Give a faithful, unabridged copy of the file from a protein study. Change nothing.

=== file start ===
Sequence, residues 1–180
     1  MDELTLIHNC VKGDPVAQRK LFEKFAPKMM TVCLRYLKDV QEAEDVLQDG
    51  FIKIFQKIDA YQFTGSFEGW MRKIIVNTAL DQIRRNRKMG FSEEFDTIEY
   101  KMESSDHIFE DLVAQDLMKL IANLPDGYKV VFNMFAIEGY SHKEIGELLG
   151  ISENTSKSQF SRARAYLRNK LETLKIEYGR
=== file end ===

Sequence, residues 1–180
     1  MDELTLIHNC VKGDPVAQRK LFEKFAPKMM TVCLRYLKDV QEAEDVLQDG
    51  FIKIFQKIDA YQFTGSFEGW MRKIIVNTAL DQIRRNRKMG FSEEFDTIEY
   101  KMESSDHIFE DLVAQDLMKL IANLPDGYKV VFNMFAIEGY SHKEIGELLG
   151  ISENTSKSQF SRARAYLRNK LETLKIEYGR